The most common strategy is to use bridge contracts to allow side-chains to communicate with each other. And there’s no denying the fact: Building secure bridges is hard. To whit, hack1, hack2, hack3, and hack4, in 2022 alone.
Why bring all of this up?
It turns out that Dan wasn’t just being a typical crypto-twitter negative nellie. He has actually developed a little-known consensus algorithm called Cerberus that he believes solves the scalability problem once and for all.
Colour me sceptical. We’ve all heard this a million times before. Cardano, Solana, Near, Blahcoin have all claimed to have “solved” scaling, but inevitably all fall victim to the blockchain trilemma once you dig a little deeper.
I also say little-known, because to my knowledge, only Radix is developing Cerberus, and almost anyone I’ve spoken to in this space have never heard of it.
But after reading the paper I felt like “Holy, shit. I think he’s nailed it”. It was almost like reading the Bitcoin white paper again, not to blow too much smoke up Dan’s ass :) But honestly, Cerberus is really, really clever.
It’s elegant, relatively simple, handles cross-contract interactions by design and scales linearly (as claimed).
To be blunt, it’s just better than what we’re building. The core developers have been discussing this for some time, and there’s broad consensus that we should just pivot to using Cerberus. This is a move that I and fluffypony support.
How does it work?
The version of Cerberus (there are several flavours) that I’m picturing for Tari is basically a version of Hotstuff where the relationship between Validator Nodes and Contract State is turned on its head.
I can’t give a full description of a BFT consensus algorithm in a few sentences – there will be RFCs for that – but I will try and sketch out the ‘big idea’ behind Cerberus and encourage the interested reader to go and read a bit more.
Instead of VNs managing state for a given contract, VNs manage predetermined pieces of state, out of the entire universe of possible states! This mapping is essentially random, so that state management is automatically load-balanced across all nodes in the network. Furthermore, as nodes join the network, the portion of the overall state space a VN is responsible for shrinks accordingly, meaning that capacity essentially scales with the number of nodes.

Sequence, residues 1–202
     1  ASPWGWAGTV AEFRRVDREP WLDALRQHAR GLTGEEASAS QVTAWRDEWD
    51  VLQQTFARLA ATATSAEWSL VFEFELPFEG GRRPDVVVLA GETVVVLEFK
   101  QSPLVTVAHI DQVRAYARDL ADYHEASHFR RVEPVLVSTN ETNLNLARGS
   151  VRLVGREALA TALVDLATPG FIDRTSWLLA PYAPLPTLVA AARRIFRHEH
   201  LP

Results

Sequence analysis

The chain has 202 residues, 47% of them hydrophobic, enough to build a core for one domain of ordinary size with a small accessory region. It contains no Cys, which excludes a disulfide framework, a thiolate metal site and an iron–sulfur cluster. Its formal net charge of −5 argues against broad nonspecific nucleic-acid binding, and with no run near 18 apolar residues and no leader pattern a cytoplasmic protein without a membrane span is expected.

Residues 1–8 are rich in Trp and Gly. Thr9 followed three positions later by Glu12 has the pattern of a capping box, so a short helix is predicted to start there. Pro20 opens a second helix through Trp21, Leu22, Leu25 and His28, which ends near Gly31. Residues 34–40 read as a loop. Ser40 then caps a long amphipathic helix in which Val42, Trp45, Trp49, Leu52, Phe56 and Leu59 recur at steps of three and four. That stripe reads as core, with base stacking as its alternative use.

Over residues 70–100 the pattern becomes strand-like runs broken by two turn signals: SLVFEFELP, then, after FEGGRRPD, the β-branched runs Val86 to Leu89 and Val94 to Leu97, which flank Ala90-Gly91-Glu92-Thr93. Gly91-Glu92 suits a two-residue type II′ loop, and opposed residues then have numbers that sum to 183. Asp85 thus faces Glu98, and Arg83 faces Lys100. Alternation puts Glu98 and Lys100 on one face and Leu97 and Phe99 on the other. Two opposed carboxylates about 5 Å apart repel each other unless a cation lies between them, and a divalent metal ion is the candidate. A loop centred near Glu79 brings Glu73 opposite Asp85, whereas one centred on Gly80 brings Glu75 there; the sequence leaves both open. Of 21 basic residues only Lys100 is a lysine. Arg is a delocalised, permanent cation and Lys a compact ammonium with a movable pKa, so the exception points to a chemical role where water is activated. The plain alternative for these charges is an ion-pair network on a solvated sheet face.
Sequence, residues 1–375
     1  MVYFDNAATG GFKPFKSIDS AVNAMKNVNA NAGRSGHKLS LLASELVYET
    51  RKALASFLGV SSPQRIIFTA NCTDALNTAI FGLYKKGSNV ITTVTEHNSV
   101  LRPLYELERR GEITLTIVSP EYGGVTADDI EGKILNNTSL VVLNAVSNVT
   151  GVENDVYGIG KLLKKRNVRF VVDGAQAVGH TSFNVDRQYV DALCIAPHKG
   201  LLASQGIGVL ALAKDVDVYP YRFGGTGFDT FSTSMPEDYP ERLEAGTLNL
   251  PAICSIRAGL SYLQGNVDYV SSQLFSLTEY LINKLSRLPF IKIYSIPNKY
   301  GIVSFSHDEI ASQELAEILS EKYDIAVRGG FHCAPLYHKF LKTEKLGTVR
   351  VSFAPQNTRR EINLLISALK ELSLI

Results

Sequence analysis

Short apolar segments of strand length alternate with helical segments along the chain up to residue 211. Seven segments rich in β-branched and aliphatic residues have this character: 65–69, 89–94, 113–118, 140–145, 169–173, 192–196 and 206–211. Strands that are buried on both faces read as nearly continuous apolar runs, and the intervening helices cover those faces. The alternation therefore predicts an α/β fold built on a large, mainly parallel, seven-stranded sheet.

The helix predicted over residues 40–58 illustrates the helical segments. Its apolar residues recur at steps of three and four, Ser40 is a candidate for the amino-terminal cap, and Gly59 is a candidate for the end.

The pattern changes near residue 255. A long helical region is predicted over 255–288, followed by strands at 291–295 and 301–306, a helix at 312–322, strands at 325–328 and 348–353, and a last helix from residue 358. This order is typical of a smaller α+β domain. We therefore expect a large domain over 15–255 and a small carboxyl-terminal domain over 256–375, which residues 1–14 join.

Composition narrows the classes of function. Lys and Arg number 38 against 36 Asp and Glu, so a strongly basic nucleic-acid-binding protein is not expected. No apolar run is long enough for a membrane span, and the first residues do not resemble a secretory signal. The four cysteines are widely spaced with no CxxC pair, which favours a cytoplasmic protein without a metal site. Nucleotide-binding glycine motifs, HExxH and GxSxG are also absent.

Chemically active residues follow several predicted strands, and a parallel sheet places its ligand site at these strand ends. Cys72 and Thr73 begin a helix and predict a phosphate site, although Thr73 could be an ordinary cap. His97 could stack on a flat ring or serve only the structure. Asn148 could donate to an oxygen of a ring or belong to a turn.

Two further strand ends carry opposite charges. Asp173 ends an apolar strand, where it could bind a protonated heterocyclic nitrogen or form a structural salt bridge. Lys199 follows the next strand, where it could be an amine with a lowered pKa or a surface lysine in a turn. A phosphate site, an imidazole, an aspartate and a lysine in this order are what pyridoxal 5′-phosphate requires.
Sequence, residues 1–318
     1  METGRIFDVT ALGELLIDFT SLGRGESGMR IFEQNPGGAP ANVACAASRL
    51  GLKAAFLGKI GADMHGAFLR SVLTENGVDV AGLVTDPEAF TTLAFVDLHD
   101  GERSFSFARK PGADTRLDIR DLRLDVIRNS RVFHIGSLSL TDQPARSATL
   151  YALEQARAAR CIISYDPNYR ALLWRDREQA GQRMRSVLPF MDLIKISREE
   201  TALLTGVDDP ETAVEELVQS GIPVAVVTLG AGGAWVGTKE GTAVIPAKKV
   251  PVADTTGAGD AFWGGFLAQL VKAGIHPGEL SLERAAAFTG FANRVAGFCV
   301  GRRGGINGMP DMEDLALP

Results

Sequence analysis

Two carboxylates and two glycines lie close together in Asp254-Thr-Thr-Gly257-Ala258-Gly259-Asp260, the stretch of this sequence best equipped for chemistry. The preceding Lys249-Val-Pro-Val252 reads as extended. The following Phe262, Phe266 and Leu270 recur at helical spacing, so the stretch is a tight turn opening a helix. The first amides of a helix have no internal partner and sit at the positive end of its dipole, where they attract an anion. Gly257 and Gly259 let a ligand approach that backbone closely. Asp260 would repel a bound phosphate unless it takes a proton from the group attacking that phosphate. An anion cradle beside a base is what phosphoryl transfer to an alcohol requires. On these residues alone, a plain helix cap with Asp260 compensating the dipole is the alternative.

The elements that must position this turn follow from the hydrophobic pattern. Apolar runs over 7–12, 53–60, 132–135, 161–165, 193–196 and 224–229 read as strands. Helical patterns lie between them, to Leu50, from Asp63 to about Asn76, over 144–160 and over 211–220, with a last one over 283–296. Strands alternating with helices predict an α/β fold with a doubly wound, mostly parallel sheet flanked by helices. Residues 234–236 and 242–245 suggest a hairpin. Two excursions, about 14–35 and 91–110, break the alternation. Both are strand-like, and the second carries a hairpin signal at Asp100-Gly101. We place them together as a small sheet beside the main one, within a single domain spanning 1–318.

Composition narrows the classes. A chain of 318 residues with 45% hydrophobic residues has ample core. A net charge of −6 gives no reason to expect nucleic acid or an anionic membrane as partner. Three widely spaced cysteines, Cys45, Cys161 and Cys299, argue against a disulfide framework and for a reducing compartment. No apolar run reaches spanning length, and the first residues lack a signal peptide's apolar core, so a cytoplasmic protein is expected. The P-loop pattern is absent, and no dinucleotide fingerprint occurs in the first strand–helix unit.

Since this mapping of state to VN is deterministic, anyone can verify that nodes claiming to have reached consensus on a state change are in fact the ones that were tasked with that role.
VNs can join and leave the network permissionlessly (within limits - we add measures to prevent Sybil attacks and maintain a level of computational stability), but in turn need to be prepared to handle instructions for any contract in the network; this is a trade-off in the consensus algorithm design that I feel is well worth the benefits.
It should then be fairly obvious that if VNs are reaching consensus on small bits of state rather than information related to specific contracts, inter-contract interactions just work (TM).
What does this mean?
Well firstly, it means that Tari gets a better DAN.
What’s also quite interesting is if we couple the Cerberus Layer 2 to our Mimblewimble base layer as in the original DAN design, we actually gain several advantages over a pure proof-of-stake system (like Radix) that I’ll talk about in a future post.
It also means that there are implications on the development timeline for the DAN. Interestingly, the core maintainers have done an assessment and concluded that overall, we don’t lose too much: we’ve gone back a step or two, but now have an easier road to DAN v1.0.
There are also some implications for a mainnet release. The broad consensus among the core developers is that we should launch the base layer without a fully functional DAN, and bring the DAN online in a smooth and orderly fashion.
There will be a community discussion on this topic on the Tari Discord on 2022-09-26 at 09:00 UTC. So make sure you don’t miss it!